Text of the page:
Science education program BioBus to set up permanent site at Astoria Houses

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Courtesy of BioBus

Young scientists in Astoria Houses will soon be able to explore their ecosystem with BioBus, a science education nonprofit with a mission to help people cultivate a wonder for science and a deeper understanding of the world around them.

Astoria Councilman Costa Constantinides held a Zoom press conference on Thursday, Sept. 24, to announce the new development, which comes after a yearslong partnership with BioBus and the Astoria Houses.

“BioBus has already been an amazing partner here in western Queens, to introduce more people to the wonders of science,” said Constantinides. “I am so excited we can mark Climate Week by making BioBus a permanent fixture at the Astoria Houses. This will continue the Hallets Point peninsula’s revolution into a leader on sustainability.”

Thanks to a $304,000 allocation secured by Constantinides in the city’s 2021 fiscal budget, BioBus will be able to purchase a new mobile lab for the site.

Community leaders Bishop Mitchell G. Taylor and Astoria Houses Residents Association President Claudia Cogler were also in attendance during the conference, each expressing their delight of the permanent installation.

Ben Dubin-Thaler, the executive director and founder of BioBus, showcased some of the lab features of one of their mobile buses, such as electron microscopes, and its accessibility-friendly design.

The permanent mobile lab at Astoria Houses will become a living classroom, with plans to install a solar array to power it exclusively with renewable energy.

“The mentorship that’s going to be part of this project is critical for us,” said Dubin-Thaler, thanking Constantinides, Bishop Taylor and Cogler for their leadership. “You’re the political leaders, the community leaders that convinced somebody like me, a scientist, to devote my career to inspiring the next generation of scientists, especially young scientists who don’t usually have that opportunity in their communities.”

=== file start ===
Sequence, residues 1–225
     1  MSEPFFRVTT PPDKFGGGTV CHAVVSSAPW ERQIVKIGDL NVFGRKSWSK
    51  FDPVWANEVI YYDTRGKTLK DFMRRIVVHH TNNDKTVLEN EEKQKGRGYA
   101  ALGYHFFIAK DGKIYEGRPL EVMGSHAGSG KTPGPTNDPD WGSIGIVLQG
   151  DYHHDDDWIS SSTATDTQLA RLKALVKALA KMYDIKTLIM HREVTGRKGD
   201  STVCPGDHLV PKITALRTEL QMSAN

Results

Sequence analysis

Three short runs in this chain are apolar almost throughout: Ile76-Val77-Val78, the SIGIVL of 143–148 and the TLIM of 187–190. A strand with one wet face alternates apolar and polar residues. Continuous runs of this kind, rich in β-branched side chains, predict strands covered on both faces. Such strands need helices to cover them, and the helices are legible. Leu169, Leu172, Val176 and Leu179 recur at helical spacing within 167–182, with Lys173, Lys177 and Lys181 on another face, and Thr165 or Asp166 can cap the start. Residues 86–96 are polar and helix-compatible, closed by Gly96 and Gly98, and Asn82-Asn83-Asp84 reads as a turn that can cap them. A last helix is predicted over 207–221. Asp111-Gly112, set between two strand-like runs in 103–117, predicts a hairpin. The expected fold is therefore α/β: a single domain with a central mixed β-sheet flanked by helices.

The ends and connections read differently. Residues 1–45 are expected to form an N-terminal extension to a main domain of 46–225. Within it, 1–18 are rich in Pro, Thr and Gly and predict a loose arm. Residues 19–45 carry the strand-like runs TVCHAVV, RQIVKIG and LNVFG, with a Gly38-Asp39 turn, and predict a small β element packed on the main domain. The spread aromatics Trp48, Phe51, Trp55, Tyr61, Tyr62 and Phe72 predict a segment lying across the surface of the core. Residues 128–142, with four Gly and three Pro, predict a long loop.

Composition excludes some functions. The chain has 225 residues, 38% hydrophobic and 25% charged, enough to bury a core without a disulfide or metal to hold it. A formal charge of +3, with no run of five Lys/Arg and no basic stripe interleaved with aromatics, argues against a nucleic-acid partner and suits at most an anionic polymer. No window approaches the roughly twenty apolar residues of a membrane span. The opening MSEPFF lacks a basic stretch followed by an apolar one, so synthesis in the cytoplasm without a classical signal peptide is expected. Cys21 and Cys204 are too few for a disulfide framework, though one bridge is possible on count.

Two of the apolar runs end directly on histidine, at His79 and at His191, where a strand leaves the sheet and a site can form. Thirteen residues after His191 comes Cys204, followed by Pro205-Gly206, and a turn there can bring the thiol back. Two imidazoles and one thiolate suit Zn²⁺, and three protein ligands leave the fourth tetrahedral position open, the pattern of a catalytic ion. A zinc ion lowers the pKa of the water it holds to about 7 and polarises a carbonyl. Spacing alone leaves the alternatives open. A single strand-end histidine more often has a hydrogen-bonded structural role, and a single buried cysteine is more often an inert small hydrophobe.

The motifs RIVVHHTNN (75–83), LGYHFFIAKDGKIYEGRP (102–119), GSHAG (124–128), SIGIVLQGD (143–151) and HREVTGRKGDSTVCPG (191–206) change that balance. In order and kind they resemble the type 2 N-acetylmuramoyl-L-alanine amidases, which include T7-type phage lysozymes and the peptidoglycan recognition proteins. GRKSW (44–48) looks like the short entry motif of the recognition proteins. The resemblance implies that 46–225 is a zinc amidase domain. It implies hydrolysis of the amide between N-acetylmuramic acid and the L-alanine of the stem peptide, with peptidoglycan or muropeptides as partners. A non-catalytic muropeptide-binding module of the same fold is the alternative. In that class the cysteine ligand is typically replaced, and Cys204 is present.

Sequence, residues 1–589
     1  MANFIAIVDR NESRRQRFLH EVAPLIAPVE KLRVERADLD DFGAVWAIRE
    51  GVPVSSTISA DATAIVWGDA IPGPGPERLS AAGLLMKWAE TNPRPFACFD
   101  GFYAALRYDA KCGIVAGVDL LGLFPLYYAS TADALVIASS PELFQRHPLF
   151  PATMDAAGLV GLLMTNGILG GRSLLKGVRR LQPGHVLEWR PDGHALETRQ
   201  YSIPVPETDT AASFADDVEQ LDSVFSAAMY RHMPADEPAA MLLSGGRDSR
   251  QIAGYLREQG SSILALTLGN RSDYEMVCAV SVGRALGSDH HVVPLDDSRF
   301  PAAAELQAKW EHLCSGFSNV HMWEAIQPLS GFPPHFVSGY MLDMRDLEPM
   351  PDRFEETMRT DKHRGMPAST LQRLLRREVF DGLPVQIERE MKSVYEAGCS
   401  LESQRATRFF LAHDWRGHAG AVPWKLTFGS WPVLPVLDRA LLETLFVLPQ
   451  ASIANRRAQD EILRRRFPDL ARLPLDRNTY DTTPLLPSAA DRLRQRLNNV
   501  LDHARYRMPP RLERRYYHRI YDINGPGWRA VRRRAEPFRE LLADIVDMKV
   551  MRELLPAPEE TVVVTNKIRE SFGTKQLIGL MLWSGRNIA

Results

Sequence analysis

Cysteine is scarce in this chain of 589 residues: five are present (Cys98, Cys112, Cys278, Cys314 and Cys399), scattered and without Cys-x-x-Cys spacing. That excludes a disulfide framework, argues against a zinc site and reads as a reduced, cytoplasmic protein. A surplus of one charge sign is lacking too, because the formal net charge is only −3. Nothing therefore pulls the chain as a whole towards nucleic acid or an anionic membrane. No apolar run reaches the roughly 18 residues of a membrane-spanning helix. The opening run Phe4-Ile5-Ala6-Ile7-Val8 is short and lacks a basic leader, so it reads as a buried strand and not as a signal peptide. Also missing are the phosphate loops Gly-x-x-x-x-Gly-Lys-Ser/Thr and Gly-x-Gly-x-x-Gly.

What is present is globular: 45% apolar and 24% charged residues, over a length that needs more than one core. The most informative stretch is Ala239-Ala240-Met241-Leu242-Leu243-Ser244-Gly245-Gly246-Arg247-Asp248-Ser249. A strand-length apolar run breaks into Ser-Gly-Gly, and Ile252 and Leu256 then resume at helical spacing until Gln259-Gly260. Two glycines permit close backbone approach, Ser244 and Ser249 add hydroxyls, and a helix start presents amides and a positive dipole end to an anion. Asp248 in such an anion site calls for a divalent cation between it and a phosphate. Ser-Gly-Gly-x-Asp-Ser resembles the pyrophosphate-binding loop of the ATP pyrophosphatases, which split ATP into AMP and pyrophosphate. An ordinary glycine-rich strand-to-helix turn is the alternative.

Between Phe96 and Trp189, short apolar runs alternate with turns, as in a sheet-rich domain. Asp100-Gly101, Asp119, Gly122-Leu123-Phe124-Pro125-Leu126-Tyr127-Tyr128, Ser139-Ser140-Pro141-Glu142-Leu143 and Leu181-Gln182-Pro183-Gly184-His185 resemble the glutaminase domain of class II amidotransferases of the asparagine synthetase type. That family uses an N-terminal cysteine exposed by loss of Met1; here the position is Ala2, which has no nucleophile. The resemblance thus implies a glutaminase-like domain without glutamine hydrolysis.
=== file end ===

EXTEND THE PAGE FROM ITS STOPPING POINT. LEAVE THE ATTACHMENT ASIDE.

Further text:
The new lab is slated to finish construction by the end of 2021.

In the meantime, Dubin-Thaler encourages interested pupils to visit biobus.org for weekly live student town halls, recorded science challenges for students to practice hands-on experiments at home and Discover classes for school groups.

Rendition of BioBus coming to Astoria Houses (Courtesy of BioBus)

In the last few years, BioBus brought one of its mobile labs to the Astoria Houses and other western Queens neighborhoods, where they’ve offered public events, classes for school groups and after school activities.

Queens native Nicholas Bustamante is a junior scientist at BioBus who’s currently pursuing an engineering degree at Binghamton University. Bustamante spoke about interning at the BioBus program after his school counselor at Bayside’s Benjamin N. Cardozo High School provided him with their information.

“I never expected science to be as engaging as BioBus made it to be,” said Bustamante. “When you’re a high school student, even through college, I thought my experience would change. Science is very linear when it comes to college — there’s not much room to improve, you learn the basics, but you don’t really get to explore why things are the way they are — but through BioBus, it really helps you understand the topic and really fall in love with how microscopes work and how the science behind how everything really functions in our lives.”

He said that access to a program like BioBus in someone’s own neighborhood can make all the difference, and “gives them no excuse to not chase their dreams.”

Constantinides and the community leaders are hopeful this will encourage young people in underserved communities to pursue a career in the science field.

“Last summer, we had the BioBus parked out in front of the Astoria Houses. Kids came into the bus and got to see some of the ecosystems in the East River in Hallets Cove, and it was amazing to see that wonder on their faces, the curiosity about the natural world, their desire to learn more,” said Constantinides. “That’s the spark that this is all about — creating that spark, that love of science. Because we don’t know always know what we want to be when we grow up. I’m still trying to figure it out at 45. And for young people, it’s giving them that possibility to say, ‘Oh, I want to do that. That looks fascinating. I want to learn more. Maybe that’s what I’m going to do with my life.'”